Dennis Rea: Zero-G and the Sea Prog Festival
AAJ: How did you get involved in the coordination of the Sea Prog Festival?
DR: I think you could say that Sea Prog was a natural outgrowth of Zero-G. None of my partners in Zero-G, and that now includes John Seman from the Monktail Creative Music Concern, none of those guys were involved in the organization of Sea Prog. But it was an outgrowth of Zero-G in that I saw numerous bands pass through our series that really knocked me out who were playing something that I would term progressive rock. Now I understand that that's a really loaded term and that is anathema to some people, but progressive rock in actuality has fractured into so many different subgenres that there is music that resembles the old progressive rock of yore, there is music that is basically power pop dressed up with some fancy licks, and then there is the avant-garde side of things and that is my primary interest and that is the type of music that Sea Prog is tilted toward most consciously.
What happened was one night at a Zero-G concert after a particularly inspiring set by some progressive rock band, I said publicly that I thought that we had enough talent in that genre in our town that we could hold our own damn progressive rock festival that would compare favorably to any of the others held in any other locale in the world, and I do strongly believe that. One of the people who became my partner approached me about that and he thought it was a good idea, and then a third person also approached me having overheard that and he agreed not only that he wanted to get involved but that he was also willing to put up some of the financing to make such a thing possible. Hence, we undertook the experiment that was Sea Prog.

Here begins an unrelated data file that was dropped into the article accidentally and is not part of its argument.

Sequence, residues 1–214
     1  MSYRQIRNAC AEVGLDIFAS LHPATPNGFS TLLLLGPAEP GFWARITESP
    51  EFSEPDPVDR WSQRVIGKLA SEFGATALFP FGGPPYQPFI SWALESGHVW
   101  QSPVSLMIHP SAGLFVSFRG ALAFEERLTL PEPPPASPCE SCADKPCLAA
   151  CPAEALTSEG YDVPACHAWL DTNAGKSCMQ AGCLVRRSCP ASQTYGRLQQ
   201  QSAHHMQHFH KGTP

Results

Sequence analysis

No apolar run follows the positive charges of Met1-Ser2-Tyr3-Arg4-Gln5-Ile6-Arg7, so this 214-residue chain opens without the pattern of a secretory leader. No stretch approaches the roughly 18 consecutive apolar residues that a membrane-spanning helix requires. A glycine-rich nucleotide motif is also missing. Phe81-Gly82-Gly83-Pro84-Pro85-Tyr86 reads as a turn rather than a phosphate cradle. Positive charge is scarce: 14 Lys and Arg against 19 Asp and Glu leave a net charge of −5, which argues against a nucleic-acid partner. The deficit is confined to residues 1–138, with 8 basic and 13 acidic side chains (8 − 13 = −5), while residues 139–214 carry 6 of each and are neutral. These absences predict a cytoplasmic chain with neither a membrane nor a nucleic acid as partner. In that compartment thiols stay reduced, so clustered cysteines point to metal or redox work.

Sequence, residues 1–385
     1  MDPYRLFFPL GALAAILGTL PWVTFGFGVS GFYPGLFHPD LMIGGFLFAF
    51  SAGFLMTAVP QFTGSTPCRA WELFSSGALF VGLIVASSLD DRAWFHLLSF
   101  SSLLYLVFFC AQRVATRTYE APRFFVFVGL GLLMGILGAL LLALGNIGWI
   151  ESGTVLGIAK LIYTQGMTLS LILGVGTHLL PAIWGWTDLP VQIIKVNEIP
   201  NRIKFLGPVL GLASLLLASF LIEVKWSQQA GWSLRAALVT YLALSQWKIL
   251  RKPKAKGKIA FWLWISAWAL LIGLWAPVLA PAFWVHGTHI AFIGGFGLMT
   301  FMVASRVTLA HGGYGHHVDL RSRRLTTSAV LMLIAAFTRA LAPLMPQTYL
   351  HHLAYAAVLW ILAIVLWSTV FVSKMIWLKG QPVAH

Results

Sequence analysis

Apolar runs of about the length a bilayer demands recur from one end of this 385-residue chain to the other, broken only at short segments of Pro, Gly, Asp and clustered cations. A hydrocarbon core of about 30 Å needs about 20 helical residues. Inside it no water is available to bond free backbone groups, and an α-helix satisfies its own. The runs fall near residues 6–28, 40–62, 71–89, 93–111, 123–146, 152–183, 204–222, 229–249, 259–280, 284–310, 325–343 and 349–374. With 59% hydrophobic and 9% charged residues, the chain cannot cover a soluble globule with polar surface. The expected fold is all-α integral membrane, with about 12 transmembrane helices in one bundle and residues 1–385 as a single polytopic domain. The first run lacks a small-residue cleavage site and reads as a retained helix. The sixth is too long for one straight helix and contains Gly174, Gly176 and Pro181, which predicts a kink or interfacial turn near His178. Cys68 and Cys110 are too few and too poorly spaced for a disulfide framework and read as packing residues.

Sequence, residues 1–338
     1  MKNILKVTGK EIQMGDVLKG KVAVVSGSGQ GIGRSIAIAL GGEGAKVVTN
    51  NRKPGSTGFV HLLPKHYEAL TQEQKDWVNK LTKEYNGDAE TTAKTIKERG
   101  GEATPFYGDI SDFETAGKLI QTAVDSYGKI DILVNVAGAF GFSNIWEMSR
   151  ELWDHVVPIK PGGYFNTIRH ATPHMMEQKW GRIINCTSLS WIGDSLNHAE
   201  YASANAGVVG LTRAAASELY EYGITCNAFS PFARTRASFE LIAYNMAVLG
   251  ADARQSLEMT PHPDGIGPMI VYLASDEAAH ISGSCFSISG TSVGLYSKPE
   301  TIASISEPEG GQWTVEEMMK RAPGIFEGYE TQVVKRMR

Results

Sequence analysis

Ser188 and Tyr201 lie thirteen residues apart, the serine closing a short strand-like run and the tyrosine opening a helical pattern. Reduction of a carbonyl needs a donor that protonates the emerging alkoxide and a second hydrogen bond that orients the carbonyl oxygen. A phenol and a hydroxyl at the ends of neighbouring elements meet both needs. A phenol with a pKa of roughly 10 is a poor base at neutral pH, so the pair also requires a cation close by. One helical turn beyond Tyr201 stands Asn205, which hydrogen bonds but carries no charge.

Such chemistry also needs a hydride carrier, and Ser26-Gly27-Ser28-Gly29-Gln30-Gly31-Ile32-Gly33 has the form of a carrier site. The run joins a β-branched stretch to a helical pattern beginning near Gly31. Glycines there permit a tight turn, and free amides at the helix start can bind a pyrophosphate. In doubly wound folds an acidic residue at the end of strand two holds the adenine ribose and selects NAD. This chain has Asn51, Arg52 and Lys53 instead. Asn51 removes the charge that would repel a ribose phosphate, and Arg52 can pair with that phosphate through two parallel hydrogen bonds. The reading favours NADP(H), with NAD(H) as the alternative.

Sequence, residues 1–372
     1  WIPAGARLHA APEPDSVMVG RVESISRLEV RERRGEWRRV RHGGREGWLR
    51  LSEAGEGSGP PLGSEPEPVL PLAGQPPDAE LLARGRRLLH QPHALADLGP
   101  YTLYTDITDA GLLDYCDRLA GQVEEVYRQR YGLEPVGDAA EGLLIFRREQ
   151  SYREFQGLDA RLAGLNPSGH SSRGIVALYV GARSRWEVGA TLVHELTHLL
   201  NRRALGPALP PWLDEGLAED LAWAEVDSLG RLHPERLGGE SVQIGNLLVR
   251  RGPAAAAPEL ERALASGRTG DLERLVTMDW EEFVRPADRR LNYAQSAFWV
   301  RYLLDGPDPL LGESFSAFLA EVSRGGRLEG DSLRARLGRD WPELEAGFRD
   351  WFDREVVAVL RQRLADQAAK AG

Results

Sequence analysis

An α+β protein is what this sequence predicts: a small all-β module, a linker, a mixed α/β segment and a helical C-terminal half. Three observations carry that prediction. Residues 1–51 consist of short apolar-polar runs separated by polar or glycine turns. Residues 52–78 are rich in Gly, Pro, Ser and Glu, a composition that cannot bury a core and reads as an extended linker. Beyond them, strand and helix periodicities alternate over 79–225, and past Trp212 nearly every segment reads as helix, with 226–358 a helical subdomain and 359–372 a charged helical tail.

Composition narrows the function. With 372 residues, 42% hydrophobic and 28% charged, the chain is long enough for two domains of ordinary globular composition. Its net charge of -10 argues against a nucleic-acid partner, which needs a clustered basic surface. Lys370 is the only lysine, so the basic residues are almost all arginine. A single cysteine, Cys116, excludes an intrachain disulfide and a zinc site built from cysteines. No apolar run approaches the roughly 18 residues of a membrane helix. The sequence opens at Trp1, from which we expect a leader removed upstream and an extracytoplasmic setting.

With Sea Prog my initial idea was to showcase Seattle talent, and I still believe that after the first festival we have still only scratched the surface of that. At some point it became clear to us that to boost attendance it would be in our best interest to bring in a couple of ringers from out of town, so we examined our wish list and brought in Thinking Plague, who are based in Colorado but have a couple of members with Seattle ties so they were still technically tied in with our local community, miRthkon from the Bay Area, and Jolanda from Italy. The rest of the program was all Seattle bands.
We went out a bit on a limb. What we wanted to do, having seen these acts perform in dive bars, we wanted to create a situation where they could perform in a more dignified setting and be treated as the accomplished artists that they are; where they could actually make a little bit of money for a change, and get good sound reinforcement and loving care. That is basically what we wanted to create, and I believe we succeeded. Going into it, even right up to the time of the festival, it was anybody's guess whether this thing was going to be a flop or a mild success. Nobody was more surprised than the organizers when it ended up being a smashing success, and I think by pretty much any meaningful measure the first edition of Sea Prog was a roaring success.
That bodes well for the future. It is really too early to say where we are going from here, but it is likely that it will happen again and our venue of choice, the Columbia City Theater, has expressed interest in continuing to partner with us on this. That is a huge plus for us because, as far as I am concerned, apart from all of the fantastic music that was presented at the first Sea Prog, the star of the show was the venue. We just happened to make the perfect choice of venue.